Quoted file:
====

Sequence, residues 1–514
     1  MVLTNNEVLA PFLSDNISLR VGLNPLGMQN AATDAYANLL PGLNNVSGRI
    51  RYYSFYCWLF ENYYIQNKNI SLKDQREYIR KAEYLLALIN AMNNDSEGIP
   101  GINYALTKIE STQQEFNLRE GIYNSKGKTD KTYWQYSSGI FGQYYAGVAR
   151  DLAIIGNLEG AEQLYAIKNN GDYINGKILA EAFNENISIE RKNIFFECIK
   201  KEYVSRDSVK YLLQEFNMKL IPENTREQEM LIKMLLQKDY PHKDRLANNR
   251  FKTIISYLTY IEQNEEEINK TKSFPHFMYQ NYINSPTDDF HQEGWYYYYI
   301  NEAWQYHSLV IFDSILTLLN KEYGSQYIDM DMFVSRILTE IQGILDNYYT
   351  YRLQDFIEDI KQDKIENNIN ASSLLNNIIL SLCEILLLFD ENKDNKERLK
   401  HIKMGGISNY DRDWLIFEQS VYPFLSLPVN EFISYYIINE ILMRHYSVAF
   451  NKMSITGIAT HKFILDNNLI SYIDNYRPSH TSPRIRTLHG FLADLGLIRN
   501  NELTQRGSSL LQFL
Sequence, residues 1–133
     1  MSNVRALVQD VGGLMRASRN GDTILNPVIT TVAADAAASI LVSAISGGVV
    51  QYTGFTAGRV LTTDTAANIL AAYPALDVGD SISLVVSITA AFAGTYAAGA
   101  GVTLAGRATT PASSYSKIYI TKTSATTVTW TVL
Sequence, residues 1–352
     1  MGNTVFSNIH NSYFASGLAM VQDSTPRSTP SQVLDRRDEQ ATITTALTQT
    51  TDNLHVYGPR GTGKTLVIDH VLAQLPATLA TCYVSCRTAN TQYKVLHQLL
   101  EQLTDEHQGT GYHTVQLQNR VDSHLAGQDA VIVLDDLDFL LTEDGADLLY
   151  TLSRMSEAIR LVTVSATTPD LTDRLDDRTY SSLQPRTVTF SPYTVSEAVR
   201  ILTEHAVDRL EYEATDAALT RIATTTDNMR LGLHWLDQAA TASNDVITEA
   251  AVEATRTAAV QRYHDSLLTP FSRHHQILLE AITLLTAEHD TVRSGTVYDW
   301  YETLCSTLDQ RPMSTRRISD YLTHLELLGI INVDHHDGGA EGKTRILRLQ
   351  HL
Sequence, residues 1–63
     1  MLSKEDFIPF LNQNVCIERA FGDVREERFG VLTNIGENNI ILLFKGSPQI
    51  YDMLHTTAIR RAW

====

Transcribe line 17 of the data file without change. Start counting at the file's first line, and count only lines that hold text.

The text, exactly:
Sequence, residues 1–352